t is over four years since the blacklisting scandal first broke in March 2009. In construction, workers had always feared that some kind of blacklist existed, however the scale and organisation behind it had not been appreciated.
When the Information Commissioner's Office raided the Consulting Association they discovered that over 40 major construction companies had been involved in the blacklisting of 3,200 construction workers.
Nor was blacklisting a sporadic event. In its final year of operation the two biggest blacklisters Sir Robert McAlpine and Skanska spent £26,842 and £28,123 respectively on blacklisting checks. Each check cost £2.20 so in the case of Skanska they made 12,783 checks in 2008 or 35 per day.
Workers who were blacklisted had their lives ruined and were constantly denied work, without knowing the reason why.
It has been incredibly difficult for blacklisted workers to win justice. Blacklisting wasn't illegal in 2009, although provision to end blacklisting had been included in the 1999 Employment Relations Act, the necessary regulations had not been introduced. It was not until 2010, that anti-blacklisting regulations were finally introduced and these are far too weak to prevent blacklisting reoccurring.
Blacklisted workers have tried to take cases to employment tribunals showing unfair detriment and discrimination; most have been unsuccessful as the companies involved in the blacklisting were not employing workers directly and were instead employing workers via agencies.
This is why UCATT has filed a case at the European Court of Human Rights, arguing that the failure of successive Governments to outlaw blacklisting breached workers' human rights under Article 11 on Freedom of Association and Article 14 on anti-discrimination. The case was lodged in late 2011 and the ECHR is still waiting for the British Government's response.
Meanwhile a large number of blacklisted workers are now preparing a class action case against the major blacklisting companies.
It is not clear how far these cases will proceed or whether they will be successful. This is one of the reasons why UCATT is calling on the companies involved to create a compensation fund for the workers they blacklisted. While these companies now say they are sorry, they have not demonstrated that contrition in any meaningful way. UCATT believes and has argued that until the blacklisted workers receive compensation, the companies involved should be barred from bidding for public sector contracts. A growing number of councils have now passed motions barring companies who were involved in blacklisting from bidding for contracts.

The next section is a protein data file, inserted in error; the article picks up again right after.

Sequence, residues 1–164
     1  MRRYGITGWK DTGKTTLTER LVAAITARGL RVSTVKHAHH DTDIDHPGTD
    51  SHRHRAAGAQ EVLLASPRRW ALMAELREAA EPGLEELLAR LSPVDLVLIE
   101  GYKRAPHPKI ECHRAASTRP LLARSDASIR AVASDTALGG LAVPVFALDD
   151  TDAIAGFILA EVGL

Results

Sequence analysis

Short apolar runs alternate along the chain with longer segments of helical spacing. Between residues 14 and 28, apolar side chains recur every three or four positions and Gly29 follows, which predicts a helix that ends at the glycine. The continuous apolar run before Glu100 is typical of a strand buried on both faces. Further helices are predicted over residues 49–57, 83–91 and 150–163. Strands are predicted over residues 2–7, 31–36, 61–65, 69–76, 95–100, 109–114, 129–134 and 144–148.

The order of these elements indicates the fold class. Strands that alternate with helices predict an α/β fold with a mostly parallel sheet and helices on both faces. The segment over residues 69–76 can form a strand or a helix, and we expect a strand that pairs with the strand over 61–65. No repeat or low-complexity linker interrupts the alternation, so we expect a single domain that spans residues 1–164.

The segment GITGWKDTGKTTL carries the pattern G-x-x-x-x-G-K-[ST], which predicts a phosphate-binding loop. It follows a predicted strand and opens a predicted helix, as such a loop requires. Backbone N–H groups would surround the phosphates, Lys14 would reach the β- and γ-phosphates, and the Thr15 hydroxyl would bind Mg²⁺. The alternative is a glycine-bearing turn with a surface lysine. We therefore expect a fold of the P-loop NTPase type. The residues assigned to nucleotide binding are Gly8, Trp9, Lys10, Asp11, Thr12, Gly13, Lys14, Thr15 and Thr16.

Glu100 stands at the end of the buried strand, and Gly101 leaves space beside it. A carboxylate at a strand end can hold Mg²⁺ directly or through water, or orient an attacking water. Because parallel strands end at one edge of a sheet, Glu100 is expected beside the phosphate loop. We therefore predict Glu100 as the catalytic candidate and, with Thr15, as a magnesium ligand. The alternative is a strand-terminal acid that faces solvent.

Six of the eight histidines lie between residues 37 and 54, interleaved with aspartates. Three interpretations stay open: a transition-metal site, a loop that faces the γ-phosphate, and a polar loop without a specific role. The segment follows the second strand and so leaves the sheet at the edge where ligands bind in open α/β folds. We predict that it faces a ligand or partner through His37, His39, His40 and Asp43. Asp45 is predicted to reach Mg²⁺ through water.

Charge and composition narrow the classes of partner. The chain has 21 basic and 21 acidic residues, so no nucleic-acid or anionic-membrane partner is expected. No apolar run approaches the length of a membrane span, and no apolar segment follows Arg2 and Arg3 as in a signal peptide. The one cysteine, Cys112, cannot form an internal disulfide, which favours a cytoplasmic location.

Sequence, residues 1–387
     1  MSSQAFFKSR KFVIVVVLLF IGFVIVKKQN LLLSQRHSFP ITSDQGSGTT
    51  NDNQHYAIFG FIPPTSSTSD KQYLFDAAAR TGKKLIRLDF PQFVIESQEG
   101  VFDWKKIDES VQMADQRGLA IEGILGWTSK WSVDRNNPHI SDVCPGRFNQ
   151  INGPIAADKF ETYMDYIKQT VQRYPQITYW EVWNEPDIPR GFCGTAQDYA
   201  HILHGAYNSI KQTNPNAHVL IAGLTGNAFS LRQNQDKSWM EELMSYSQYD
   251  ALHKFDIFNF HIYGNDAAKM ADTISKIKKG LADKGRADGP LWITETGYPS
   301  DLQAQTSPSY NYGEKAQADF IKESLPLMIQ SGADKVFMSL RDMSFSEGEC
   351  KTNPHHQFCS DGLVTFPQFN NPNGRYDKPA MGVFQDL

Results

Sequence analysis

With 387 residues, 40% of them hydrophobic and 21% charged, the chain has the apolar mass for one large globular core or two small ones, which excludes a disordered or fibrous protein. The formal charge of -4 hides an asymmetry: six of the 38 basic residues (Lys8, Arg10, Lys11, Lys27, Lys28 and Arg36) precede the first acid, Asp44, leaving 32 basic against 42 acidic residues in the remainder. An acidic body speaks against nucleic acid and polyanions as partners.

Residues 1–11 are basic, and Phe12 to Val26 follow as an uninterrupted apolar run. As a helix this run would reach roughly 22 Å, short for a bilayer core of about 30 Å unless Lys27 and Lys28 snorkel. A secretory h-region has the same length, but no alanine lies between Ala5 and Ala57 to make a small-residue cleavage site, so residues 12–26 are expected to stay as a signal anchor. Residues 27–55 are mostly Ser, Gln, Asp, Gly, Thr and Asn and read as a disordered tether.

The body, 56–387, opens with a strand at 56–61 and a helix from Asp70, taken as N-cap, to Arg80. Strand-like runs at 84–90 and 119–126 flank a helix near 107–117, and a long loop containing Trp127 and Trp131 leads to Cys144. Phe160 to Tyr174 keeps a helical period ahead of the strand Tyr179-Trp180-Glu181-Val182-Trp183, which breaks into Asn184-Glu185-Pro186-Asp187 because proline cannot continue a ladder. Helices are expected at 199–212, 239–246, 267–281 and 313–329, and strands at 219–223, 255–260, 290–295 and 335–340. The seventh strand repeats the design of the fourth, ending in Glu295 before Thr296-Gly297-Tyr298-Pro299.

In recent months a large amount of new information on the blacklisting scandal has entered the public domain. Much of the credit for that is due to the Scottish Affairs Select committee which has conducted a longstanding and wide-ranging inquiry into blacklisting.
They have summoned to give evidence Ian Kerr, the Chief Executive Officer of the Consulting Association, Cullum McAlpine, the first chair of the Consulting Association, and senior representatives from the major blacklisters Skanska and Balfour Beatty.
These evidence sessions have clarified much of the missing information about how the Consulting Association operated. It was the Committee's questioning of Ian Kerr which proved that blacklisting took place at the Olympics. When Skanska gave evidence it was revealed that their representative on the Consulting Association Stephen Quant had been responsible for blacklisting every electrician who had worked on the Jubilee Line extension.
It was also revealed that as well as trade unionists and construction workers, the Consulting Association had blacklisted over 200 environmental activists. However, their files were not confiscated by the ICO (and have subsequently been destroyed by Kerr) as their warrant only covered construction workers.
A further critical development, outside the select committee and as a result of one of the employment tribunal cases, is the fact that information on various workers' blacklisting files could only have been supplied by the police or the security forces. This has now resulted in the Metropolitan Police being forced to undertake a major investigation into their involvement in blacklisting. The investigation is being overseen by the Independent Police Complaints Commission.
In an unprecedented move in January the Labour Party held an opposition day debate on blacklisting, the first time the blacklisting scandal had been debated in the House of Commons.
Despite the large amount of new material which has been generated in the last few months, which has given us a much clearer idea of how blacklisting was conducted, there is a huge amount of information still to be revealed. That is why UCATT has been calling for an independent inquiry into blacklisting so the victims of this appalling injustice can finally receive full answers about who was responsible for ruining their lives. An inquiry will also dramatically improve the case to strengthen the anti-blacklisting laws to ensure that this can never happen again.